However, these companies will have the option to change the charter of their manufacturing operations or by becoming predominantly export oriented or by manufacturing items listed in Appendix I. In such cases the maximum permissible share holding would be 74 per cent.
iv. If a company is 100 per cent export-oriented, a foreign share holding exceeding 74 per cent may be allowed.
v. Airlines and shipping companies as well as banking companies are exempted.
vi. Since 1985, due to Government’s liberal economic policies, legislations like FERA and MRTP have become more and more irrelevant.
An amendment to Section 29 to FERA, affected in 1992, frees the FERA companies from any limits imposed on their non-priority sector operations. This amendment also enables the FERA companies to take up any trading, commercial and industrial activities, as also acquire any company in India or acquire shares of any company, without obtaining RBI permission.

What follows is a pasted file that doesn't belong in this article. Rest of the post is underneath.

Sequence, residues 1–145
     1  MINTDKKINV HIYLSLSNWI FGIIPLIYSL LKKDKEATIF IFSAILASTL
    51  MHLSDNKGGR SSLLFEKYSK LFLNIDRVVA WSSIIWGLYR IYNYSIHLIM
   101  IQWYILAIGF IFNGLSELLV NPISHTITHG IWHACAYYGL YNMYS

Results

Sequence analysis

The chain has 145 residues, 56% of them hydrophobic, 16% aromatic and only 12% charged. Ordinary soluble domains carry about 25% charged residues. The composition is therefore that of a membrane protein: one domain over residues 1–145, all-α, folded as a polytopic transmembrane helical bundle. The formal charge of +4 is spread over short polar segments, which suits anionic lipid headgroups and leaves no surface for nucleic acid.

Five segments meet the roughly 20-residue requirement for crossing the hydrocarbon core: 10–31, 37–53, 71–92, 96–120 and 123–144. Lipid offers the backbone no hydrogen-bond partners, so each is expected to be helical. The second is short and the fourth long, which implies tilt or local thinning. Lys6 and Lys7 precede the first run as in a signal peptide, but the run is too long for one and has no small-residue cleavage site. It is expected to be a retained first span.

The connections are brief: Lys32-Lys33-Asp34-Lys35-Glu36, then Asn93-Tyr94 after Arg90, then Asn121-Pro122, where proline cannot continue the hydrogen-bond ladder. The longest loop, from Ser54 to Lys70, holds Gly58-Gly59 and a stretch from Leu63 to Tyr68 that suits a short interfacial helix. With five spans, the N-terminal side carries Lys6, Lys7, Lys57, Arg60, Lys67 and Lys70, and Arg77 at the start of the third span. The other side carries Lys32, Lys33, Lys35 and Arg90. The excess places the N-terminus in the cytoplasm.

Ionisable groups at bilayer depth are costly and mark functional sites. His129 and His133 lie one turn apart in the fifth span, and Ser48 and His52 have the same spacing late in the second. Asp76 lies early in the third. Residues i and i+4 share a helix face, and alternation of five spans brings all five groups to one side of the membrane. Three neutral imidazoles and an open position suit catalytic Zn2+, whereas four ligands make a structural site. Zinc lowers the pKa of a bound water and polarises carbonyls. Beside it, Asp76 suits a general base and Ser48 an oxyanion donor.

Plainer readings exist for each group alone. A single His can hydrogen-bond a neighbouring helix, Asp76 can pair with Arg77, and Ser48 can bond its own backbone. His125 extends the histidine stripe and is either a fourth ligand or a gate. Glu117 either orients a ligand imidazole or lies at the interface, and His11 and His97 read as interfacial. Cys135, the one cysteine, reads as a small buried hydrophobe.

As announced in January, 1992, FERA companies have been granted freedom to invest and disinvest their stocks at the market price; earlier, the price at which these companies were allowed to sell their stocks was decided by the Controller of Capital Issues.
FERA companies are no longer obliged to export a part of their turnover as was the case till now. These changes indicate that the Government is keen to attract more and more foreign investment. It appears that the Government believes that it is better to allow equity than to go out to borrow.
The relaxation in FERA will improve the foreign investment environment in India. It should be remembered that the success of the new economic policy depends largely on the liberal response of the foreign capital.